The Symptoms of Heart Disease in Women
Pain in the chest, neck, jaw, or back might be caused by heart disease. Females with heart disease, on the other hand, may have a variety of symptoms. Females are more prone to have “atypical” symptoms such as nausea, vomiting, exhaustion, or none at all.
According to the Centers for Disease Control and Prevention (CDC)Trusted Source, heart disease is the top cause of mortality among women in the United States. However, just 56% are aware of the danger.
This article discusses the symptoms, diagnosis, and treatment of female heart disease. It also looks at treatment discrepancies between men and women and ways to reduce the risk.
Symptoms of Heart Disease
The symptoms of heart illness differ depending on the kind of heart disease. Among the most prevalent symptoms are:
- angina, which refers to pain from blockages in the blood vessels and can cause chest pain and discomfort
- pain in the jaw, neck, throat, upper abdomen, or back
- shortness of breath during physical activity
However, there are significant disparities in how heart disease symptoms emerge in men and women. Females outnumber males in the following categories:
- less likely to show symptoms of coronary artery disease (CAD)
- somewhat less likely to experience chest pain
- more likely to experience symptoms that can seem unrelated to the heart, such as nausea, vomiting, dizziness, fatigue, and stomach pain
- more likely to experience angina that does not get better with rest, or that occurs during normal daily activities rather than during exercise
These variances are due to physiological factors. Females have smaller blood arteries and experience “heart discomfort” differently than guys.
They are also more prone to develop less visible kinds of heart disease, such as microvascular disease. This implies that women are more likely to get blockages in their tiny blood arteries or “side roads” of the heart, whereas males are more likely to have macrovascular disease or blockages in their “highways” of the heart.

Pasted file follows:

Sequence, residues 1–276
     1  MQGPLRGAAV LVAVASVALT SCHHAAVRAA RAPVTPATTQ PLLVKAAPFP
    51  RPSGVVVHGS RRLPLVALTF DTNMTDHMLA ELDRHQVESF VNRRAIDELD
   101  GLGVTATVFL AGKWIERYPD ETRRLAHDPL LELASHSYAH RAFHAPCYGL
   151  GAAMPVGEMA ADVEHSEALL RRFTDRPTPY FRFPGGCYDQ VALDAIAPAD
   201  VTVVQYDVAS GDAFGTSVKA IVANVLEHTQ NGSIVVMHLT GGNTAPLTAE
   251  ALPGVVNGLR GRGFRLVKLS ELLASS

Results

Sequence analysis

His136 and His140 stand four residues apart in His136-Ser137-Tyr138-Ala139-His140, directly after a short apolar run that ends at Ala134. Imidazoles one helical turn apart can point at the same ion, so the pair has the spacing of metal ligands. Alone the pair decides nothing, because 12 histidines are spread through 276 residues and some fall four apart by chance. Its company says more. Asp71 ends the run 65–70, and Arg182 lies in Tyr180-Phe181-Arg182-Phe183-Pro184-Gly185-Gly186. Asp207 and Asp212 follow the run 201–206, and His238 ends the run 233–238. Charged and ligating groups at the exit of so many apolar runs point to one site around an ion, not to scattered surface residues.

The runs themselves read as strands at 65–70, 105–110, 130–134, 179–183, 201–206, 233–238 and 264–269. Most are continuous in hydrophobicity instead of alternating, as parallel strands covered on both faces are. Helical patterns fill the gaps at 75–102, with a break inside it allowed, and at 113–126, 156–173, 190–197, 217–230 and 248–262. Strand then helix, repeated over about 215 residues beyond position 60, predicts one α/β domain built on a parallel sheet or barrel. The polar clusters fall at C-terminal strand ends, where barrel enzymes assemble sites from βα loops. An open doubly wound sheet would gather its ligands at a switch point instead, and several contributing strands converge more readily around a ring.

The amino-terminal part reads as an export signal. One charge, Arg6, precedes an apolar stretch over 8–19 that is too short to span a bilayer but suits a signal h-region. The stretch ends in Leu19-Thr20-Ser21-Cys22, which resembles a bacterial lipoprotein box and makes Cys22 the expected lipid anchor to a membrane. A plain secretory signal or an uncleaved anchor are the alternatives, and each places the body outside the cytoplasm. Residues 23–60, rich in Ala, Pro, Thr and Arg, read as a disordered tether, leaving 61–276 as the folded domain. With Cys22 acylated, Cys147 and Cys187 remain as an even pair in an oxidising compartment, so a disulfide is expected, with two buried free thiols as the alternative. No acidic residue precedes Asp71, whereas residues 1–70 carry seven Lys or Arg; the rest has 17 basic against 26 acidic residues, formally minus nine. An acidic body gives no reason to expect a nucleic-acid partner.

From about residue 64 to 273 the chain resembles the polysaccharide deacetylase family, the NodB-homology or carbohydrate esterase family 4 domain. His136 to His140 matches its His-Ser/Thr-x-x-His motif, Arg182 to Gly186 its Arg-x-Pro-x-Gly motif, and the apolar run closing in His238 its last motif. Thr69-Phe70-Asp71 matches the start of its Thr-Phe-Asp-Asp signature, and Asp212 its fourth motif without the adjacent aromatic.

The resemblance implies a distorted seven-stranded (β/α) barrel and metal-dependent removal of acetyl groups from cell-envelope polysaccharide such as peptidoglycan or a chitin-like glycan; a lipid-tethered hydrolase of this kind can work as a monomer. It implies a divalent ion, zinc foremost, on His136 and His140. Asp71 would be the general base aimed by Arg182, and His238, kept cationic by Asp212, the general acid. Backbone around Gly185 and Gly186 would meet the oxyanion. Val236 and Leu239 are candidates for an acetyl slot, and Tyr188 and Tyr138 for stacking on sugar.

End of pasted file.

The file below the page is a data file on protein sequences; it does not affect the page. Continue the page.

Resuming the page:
If a person notices any symptoms of heart disease, they should seek medical attention right soon.
Diagnosis of Heart Disease
A doctor will normally undertake the following to identify cardiac disease:
Examine your medical history: Doctors may inquire as to when the symptoms began, what causes them to worsen or improve, and about the patient’s overall health and lifestyle.
Blood tests: Blood tests may be performed, which may include a complete blood cell count, lipid profile, C-reactive protein test, salt and potassium testing, and organ function tests.
Noninvasive tests: They should be performed, such as an electrocardiogram (EKG), echocardiography, arrhythmia monitor, cardiac MRI, or stress test.
Invasive tests: If doctors want additional information, they may do more invasive tests. This might include cardiac catheterization, a procedure in which a doctor inserts a wire into an artery to evaluate blood flow in tiny blood arteries.
If a person has risk factors for heart disease, even if they have little or no symptoms, a doctor may order these tests.
Treatment of Cardiac Disease
The therapy for heart disease is determined by a variety of factors, including the kind of illness, the stage of the disease, and any other problems a person may have. It might include a mix of:
- dietary and lifestyle changes
- medications to lower cholesterol, manage blood pressure, or prevent blood clots
- medical procedures or surgery
Diet and lifestyle adjustments may be sufficient for some people to minimize their risk of heart disease by controlling their weight, cholesterol, and blood pressure. People with heart problems, on the other hand, may require medicine. Typical instances of Trusted Source include:
- calcium channel blockers
- ACE inhibitors
Patients with more serious cardiac problems may require surgery. This might involve the following:
- percutaneous coronary intervention to place stents or open blocked arteries
- coronary artery bypass surgery to repair blocked arteries
- valve replacement or repair
- pacemaker or balloon catheter implantation
- maze surgery to redirect the electrical signals in the heart and correct atrial fibrillation